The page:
BEIRUT (AFP) – Lebanon’s rival Saudi- and Syrian-backed political blocs have been negotiating for nearly seven weeks on the make-up of a new unity government but analysts say the calm tone of the talks means there is no crisis, at least for now.
The Saudi- and Western-backed alliance led by Sunni Muslim leader Saad Hariri won a clear majority in the 128-seat parliament in a June 7 general election, defeating the rival Syrian- and Iranian-backed alliance led by Shiite militant group Hezbollah.
But after his designation as prime minister on June 27, Hariri agreed to form a new unity government with his rivals to replace the one formed after deadly unrest in May last year.
The talks have dragged on amid feuding over the portfolios to be allocated to the rival camps, but the head of the Beirut-based Carnegie Middle East Centre, Paul Salem, said he saw no cause for immediate concern.
“All of Lebanon’s complicated coalition governments have taken a fair amount of time to come together — this is not unusual,” he said.
He said a thaw in Syria’s relations with Saudi Arabia and the West had helped the rival camps to step back from the dangerous animosities that saw Hezbollah fighters occupy parts of Sunni west Beirut last year.
“A few years ago the two alliances were at each others’ throats and their foreign backers were at war. Today the situation is relatively calmer,” Salem said.
Hezbollah spokesman Ibrahim Moussawi told AFP he saw “no major obstacles” to the talks.
Ammar Houry, an MP in Hariri’s Saudi-backed bloc, agreed: “There is no doubt Syrian-Saudi rapprochement has had a positive effect on the cabinet formation.
“But there are also internal details that must be dealt with,” he told AFP.
He was referring to political manoeuvrings within the rival camps that have complicated the allocation of portfolios despite agreement on the number that each side will get.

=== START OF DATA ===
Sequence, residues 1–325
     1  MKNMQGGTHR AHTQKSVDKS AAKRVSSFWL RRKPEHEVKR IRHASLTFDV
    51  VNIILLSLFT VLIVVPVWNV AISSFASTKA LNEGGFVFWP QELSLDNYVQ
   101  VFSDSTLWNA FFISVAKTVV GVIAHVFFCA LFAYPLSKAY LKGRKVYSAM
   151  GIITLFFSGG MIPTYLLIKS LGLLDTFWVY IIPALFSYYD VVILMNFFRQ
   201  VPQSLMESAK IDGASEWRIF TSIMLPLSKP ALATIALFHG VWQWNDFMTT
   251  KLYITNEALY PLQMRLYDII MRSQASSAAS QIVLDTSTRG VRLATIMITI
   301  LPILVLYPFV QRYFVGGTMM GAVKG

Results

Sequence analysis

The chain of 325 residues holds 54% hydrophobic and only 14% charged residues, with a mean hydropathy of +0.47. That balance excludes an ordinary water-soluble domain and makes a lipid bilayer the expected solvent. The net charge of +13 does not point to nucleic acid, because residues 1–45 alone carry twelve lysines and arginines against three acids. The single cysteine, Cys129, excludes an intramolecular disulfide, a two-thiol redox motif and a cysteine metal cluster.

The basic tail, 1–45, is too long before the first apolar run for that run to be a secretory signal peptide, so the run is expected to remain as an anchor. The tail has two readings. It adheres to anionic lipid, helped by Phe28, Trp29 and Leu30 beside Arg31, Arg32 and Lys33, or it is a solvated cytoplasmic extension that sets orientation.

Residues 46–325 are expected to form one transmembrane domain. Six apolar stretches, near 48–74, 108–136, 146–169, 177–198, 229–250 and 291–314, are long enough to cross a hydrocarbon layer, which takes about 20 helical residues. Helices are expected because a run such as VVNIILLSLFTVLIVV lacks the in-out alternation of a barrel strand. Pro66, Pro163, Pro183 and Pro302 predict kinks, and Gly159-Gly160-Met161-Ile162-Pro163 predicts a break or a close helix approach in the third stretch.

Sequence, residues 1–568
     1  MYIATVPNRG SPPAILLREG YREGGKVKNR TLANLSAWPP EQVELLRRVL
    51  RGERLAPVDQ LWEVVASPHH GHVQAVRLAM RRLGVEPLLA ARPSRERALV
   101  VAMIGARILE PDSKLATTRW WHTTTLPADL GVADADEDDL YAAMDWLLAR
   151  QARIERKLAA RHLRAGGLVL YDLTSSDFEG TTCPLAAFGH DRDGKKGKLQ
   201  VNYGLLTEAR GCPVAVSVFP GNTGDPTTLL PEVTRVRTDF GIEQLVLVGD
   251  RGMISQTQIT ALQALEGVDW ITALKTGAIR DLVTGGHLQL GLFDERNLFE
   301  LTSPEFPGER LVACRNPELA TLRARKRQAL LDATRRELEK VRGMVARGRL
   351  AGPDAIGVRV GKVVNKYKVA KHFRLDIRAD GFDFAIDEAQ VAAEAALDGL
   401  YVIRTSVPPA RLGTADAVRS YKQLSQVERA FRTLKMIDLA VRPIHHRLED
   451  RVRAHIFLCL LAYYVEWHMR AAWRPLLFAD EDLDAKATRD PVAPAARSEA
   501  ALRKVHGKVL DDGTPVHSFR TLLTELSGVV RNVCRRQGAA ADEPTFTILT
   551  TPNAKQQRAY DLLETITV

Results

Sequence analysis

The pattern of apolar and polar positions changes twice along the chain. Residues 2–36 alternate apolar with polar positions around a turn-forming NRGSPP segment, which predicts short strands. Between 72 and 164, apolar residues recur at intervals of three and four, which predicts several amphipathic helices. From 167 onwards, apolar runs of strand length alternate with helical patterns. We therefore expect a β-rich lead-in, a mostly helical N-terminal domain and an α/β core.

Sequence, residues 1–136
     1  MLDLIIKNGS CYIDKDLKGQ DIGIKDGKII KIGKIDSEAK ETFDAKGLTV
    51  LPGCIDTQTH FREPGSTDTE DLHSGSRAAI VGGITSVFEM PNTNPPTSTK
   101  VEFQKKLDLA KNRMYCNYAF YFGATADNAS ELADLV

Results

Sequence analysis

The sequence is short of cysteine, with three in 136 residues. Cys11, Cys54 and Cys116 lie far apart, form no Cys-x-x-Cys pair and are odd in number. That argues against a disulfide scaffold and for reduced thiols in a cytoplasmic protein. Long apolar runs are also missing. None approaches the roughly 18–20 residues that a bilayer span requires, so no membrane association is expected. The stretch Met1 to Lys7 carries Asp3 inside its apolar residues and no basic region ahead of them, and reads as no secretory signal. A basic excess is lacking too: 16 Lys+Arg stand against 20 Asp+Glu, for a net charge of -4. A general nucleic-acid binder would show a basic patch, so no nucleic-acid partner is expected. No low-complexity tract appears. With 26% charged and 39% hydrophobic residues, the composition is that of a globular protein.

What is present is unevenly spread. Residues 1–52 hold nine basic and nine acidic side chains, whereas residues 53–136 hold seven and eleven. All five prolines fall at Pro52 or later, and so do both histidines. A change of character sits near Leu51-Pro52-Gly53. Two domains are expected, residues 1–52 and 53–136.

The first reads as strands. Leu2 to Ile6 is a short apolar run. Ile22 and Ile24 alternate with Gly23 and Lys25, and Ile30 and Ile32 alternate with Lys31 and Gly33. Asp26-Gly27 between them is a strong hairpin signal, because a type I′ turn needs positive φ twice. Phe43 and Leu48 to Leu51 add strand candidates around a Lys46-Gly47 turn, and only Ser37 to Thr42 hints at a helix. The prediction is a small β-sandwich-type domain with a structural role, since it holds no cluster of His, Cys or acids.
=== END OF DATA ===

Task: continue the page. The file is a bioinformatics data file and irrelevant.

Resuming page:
Christian opposition leader Michel Aoun — a key Hezbollah ally who holds 27 of the alliance’s 57 seats — has made a number of demands that the majority bloc is unwilling to accede to.
“Categorically, General Aoun is obstructing the cabinet formation,” Houry told AFP.
“He wants his son-in-law (former telecommunications minister Gibran Bassil) to be given a ministry again, first and foremost. Secondly, he wants key portfolios.”
Bassil failed to win a parliamentary seat in the June election and the majority insists that it will only agree to ministers who have proven they have the confidence of the electors.
Aoun has hit back, telling a local television channel on Thursday that it was the majority that was delaying the formation of the cabinet because it had to regularly “consult with its foreign backers”.
The so-called March 14 majority bloc has its own internal problems.
Last week, Druze leader Walid Jumblatt, a loyal member of the Hariri camp for the past four years, announced that he “could no longer continue” because its alliance with right-wing Christian factions conflicted with the leftist principles of his Progressive Socialist Party (PSP).
Jumblatt later backtracked, announcing he would “fully support” Hariri in forming the new government.
But Salem said that the Druze leader’s political acrobatics had undermined Hariri’s confidence in the loyalty of his party’s PSP’s 11 MPs to the 71-MP alliance, all the more so as it will take a share of the alliance’s cabinet seats.
“The problem for March 14 is that a few of the 15 seats they are getting go to Jumblatt, and even if he says he’s with them, he’s not and he doesn’t consult with them,” the analyst said.
“They no longer feel those seats are reliable.”
The issue will be crucial to the balance of power in the new cabinet with the Hezbollah alliance set to have 10 of its 30 ministers and President Michel Sleiman to appoint the other five.
If Sleiman is even-handed in his appointments and Jumblatt’s ministers do end up sitting on the fence, Hariri’s majority in cabinet could be threatened.